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Off the Beaten Track 11 - In search of Brochs

Published: 12 June 2020

Brochs are the best known of Shetland’s prehistoric remains and Mousa is regarded as iconic throughout Scotland.  In spite of their popularity, brochs are still shrouded in mystery.  Archaeologists discovered that Old Scatness was built between 400-200 BC, earlier than previously thought.  Brian Smith has observed that brochs were placed carefully, enabling people to see from one to another, which implies that they are all broadly contemporary.  It would have been possible to send a basic message along the chain.

Archaeological opinion varies over the question of why they were built.  At one end of the spectrum brochs are interpreted as the equivalent of Laird’s houses, impressive and prestigious places, which may have stored surplus food and goods.  At the other end, brochs are seen as defensive, or perhaps building them was an aggressive act.  The truth may well lie somewhere in between.

Brochs are always roughly circular, with external walls about 5 metres thick, surrounding an internal area between 6 and 10 metres in diameter.  Above ground floor level the wall is double-skinned, tied together with flat stones and usually having an internal staircase between them.  Whether all brochs were originally as tall as Mousa, or were roofed, are debates which are harder to resolve.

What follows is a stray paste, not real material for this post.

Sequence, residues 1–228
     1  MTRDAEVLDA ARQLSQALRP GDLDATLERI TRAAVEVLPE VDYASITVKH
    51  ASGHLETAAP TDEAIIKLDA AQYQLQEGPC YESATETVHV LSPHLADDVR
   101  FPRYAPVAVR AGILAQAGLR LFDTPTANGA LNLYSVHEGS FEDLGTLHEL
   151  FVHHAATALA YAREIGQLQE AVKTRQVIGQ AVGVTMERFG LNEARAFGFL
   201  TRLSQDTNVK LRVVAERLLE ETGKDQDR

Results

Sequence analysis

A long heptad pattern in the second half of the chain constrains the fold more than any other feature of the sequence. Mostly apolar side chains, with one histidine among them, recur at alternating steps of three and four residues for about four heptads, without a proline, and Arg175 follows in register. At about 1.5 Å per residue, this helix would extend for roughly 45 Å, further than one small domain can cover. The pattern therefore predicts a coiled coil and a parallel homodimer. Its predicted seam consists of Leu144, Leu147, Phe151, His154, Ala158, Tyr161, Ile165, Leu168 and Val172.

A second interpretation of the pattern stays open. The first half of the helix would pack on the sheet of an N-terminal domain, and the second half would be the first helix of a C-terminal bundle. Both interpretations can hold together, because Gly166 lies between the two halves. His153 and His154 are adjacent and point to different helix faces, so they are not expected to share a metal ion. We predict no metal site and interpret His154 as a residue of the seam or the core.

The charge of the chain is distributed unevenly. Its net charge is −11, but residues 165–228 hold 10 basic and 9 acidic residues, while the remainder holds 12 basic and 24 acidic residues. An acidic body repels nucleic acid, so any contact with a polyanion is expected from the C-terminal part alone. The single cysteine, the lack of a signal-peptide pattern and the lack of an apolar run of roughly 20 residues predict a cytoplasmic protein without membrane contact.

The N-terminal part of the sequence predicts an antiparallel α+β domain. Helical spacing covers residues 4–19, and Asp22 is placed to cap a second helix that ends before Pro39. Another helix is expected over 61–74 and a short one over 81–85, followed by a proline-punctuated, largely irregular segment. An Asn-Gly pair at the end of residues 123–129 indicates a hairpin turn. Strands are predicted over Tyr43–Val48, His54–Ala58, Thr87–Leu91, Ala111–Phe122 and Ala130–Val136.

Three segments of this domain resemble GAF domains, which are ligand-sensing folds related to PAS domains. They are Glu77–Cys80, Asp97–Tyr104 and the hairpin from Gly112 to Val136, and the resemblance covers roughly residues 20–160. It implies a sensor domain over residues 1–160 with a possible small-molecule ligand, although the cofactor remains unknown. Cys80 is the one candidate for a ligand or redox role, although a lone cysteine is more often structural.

Many brochs are partially or completely surrounded by impressive sequences of banks and ditches.  Some, such as Mousa or Clevigarth, are at the edge of the coast whilst others, like Underhoull, are above a scarp.  Others, such as Mail, Cunningsburgh or Coppister, Yell, are on offshore stacks.  Still others, including Houlland, Eshaness, and Clickhimin, are found on islets in lochs.

Today’s two walks take in some impressive brochs which visitors to Shetland generally miss: Culswick on the West Side and Burraness Yell.  (There are several brochs which include the place name “burra”, a variant of “broch”, meaning “fort” or “strong place” in Old Norse.)


The walk starts along a track, leaving the road into Culswick about 300 metres before the road ends.  The track leads to a Methodist chapel built in 1893, but it forks just before you get there.  Take the southern (left) peat track and pass Sand Loch.  The ruined buildings, small plantiecrubs (enclosures for growing kale) and larger kale-yards are part of a once busy crofting landscape.  That may explain why there is a chapel in a now secluded spot.